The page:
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Title: Feasibility study of SiGHT: a novel ultra low background photosensor for low temperature operation

Rare event search experiments, such as those searching for dark matter and observations of neutrinoless double beta decay, require ultra low levels of radioactive background for unmistakable identification. In order to reduce the radioactive background of detectors used in these types of event searches, low background photosensors are required, as the physical size of these detectors become increasing larger, and hence the number of such photosensors used also increases rapidly. Considering that most dark matter and neutrinoless double beta decay experiments are turning towards using noble liquids as the target choice, liquid xenon and liquid argon for instance, photosensors that can work well at cryogenic temperatures are required, 165 K and 87 K for liquid xenon and liquid argon, respectively. The Silicon Geiger Hybrid Tube (SiGHT) is a novel photosensor designed specifically for use in ultra low background experiments operating at cryogenic temperatures. It is based on the proven photocathode plus silicon photomultiplier (SiPM) hybrid technology and consists of very few other, but also ultra radio-pure, materials like fused silica and silicon for the SiPM. Lastly, the introduction of the SiGHT concept, as well as a feasibility study for its production, is reported in this article.
Authors:
 [1] ;  [2] ;  [3] ;  [4] ;  [5] ;  [6] ;  [7] ;  [8] ;  [9] ;  [10] ;  [11] ;  [12] ;  [5]
  1. Chinese Academy of Sciences (CAS), Beijing (China). Inst. of High Energy Physics, Key Lab. of Particle Astrophysics; Univ. of California, Los Angeles, CA (United States). Dept. of Physics and Astronomy; Univ. of California, Davis, CA (United States). Dept. of Physics; Univ. of Chinese Academy of Sciences, Beijing (China). School of Physical Sciences
  2. Univ. of California, Los Angeles, CA (United States). Dept. of Physics and Astronomy; SLAC National Accelerator Lab., Menlo Park, CA (United States)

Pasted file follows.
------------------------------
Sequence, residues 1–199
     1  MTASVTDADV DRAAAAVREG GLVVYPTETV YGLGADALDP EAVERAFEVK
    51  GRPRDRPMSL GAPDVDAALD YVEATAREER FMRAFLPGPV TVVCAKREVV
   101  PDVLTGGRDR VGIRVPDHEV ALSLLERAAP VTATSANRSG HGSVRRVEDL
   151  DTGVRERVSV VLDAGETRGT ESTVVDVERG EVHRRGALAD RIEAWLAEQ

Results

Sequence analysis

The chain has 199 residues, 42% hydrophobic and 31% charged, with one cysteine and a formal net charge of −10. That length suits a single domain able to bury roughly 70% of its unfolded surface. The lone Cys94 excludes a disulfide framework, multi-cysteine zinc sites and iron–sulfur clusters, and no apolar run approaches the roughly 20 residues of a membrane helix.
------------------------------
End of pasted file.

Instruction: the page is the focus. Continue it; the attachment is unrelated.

3. Univ. of Naples Federico II (Italy). Dept. of Physics; Istituto Nazionale di Fisica Nucleare (INFN), Napoli (Italy)
  4. Princeton Univ., NJ (United States). Dept. of Physics
  5. Chinese Academy of Sciences (CAS), Beijing (China). Inst. of High Energy Physics, Key Lab. of Particle Astrophysics
  6. Istituto Nazionale di Fisica Nucleare (INFN), L'aquila (Italy). Lab. Nazionali del Gran Sasso (INFN-LNGS); Univ. of Houston, Houston, TX (United States). Dept. of Physics
  7. Univ. of California, Davis, CA (United States). Dept. of Physics
  8. Princeton Univ., NJ (United States). Dept. of Physics; Istituto Nazionale di Fisica Nucleare (INFN), L'aquila (Italy). Lab. Nazionali del Gran Sasso (INFN-LNGS)
  9. Univ. of Houston, Houston, TX (United States). Dept. of Physics
  10. Univ. of Naples Federico II (Italy). Dept. of Physics; Istituto Nazionale di Fisica Nucleare (INFN), Napoli (Italy); Princeton Univ., NJ (United States). Dept. of Physics
  11. Univ. of California, Los Angeles, CA (United States). Dept. of Physics and Astronomy; Istituto Nazionale di Fisica Nucleare (INFN), L'aquila (Italy). Lab. Nazionali del Gran Sasso (INFN-LNGS)
  12. Univ. of California, Los Angeles, CA (United States). Dept. of Physics and Astronomy
Publication Date:
Grant/Contract Number:
AC02-76SF00515; PHY-1314501; PHY-1413358; PHY-1455351
Type:
Accepted Manuscript
Journal Name:
Journal of Instrumentation